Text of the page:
Lockout is also pleasing to the eye visually. While some of the early effects in the film (I’m speaking of a freeway chase between Snow and the CIA pursuing him) come off as bargain-basement quality, the majority are perfectly acceptable as far as this kind of lowbrow film go. I wasn’t expecting Avatar material, here, and I certainly didn’t get it, but for the rough-n-ready crowd just itching to see a fast paced battle sequence or dogfight in space, this will service your needs without extravagance. The set design, reminiscent of any number of other sci-fi shows (the film’s set in a spaceship, there’s only so many variations on bulkheads, corridors and ventilation shafts humans can come up with) is perfunctory and functional. It’s a prison, obviously, so the lack of frills and flowers isn’t unexpected. The gritty urban tone of the movie, lensed with clarity and precision by director-come-DP James Mather, really give you the sense that there’s a lot of sweat, grime and muck even up there in space. Alexandre Azaria’s genre score is pounding and apropos, but hardly memorable – it gets the job done, however, and that’s good enough for me.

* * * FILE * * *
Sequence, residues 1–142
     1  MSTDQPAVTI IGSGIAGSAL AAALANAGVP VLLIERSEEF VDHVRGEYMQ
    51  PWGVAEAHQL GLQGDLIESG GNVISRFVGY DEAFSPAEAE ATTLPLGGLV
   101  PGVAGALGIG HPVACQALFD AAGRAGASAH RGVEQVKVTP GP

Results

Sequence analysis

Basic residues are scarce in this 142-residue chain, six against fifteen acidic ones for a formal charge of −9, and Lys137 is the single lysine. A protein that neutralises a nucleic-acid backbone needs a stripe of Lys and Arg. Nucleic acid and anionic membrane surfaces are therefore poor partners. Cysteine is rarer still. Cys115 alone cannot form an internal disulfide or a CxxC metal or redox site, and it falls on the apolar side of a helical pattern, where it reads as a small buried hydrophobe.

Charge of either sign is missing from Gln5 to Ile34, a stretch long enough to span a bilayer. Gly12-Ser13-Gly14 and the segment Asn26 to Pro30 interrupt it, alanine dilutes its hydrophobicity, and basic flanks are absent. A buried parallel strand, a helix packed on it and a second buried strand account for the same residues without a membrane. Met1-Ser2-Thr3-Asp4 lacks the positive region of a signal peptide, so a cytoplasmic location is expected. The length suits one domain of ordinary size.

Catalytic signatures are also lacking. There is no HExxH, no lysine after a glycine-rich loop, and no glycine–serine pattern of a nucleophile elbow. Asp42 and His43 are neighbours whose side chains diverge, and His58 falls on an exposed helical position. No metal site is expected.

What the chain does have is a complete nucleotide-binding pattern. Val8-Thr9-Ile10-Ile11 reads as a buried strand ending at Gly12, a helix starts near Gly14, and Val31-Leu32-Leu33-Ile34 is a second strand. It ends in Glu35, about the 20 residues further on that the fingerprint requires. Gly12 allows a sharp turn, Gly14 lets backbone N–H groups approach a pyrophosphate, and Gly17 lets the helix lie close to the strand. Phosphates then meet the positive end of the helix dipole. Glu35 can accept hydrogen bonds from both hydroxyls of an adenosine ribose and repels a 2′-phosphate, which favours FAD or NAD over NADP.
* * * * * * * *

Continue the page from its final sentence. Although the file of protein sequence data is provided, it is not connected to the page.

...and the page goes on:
I wanted to find something to criticize about Lockout, but I couldn’t find anything to really mention. If anything, the lack of resolution for the inevitable demise of the Bad Guys is a minor failing, considering all of Gilgun’s work setting his character up as that bug you just can’t squash – his death isn’t even seen, it’s off-screen – so I guess if I had any criticism of the film that would be it. It’s a small thing, and in the grand scheme of this film’s sheer hutzpah in being made I’m hardly going to run screaming into the street to proclaim it. I will proclaim that Lockout is a cheesy, infectious, loudly wry, incredibly funny film (no it’s not a comedy, but there’s plenty of laughs in it) movie that took me by complete surprise. Effective, solid casting and production design gives Lockout a pedigree for other aspiring filmmakers to look up to. Lockout is a rollicking good time at the movies.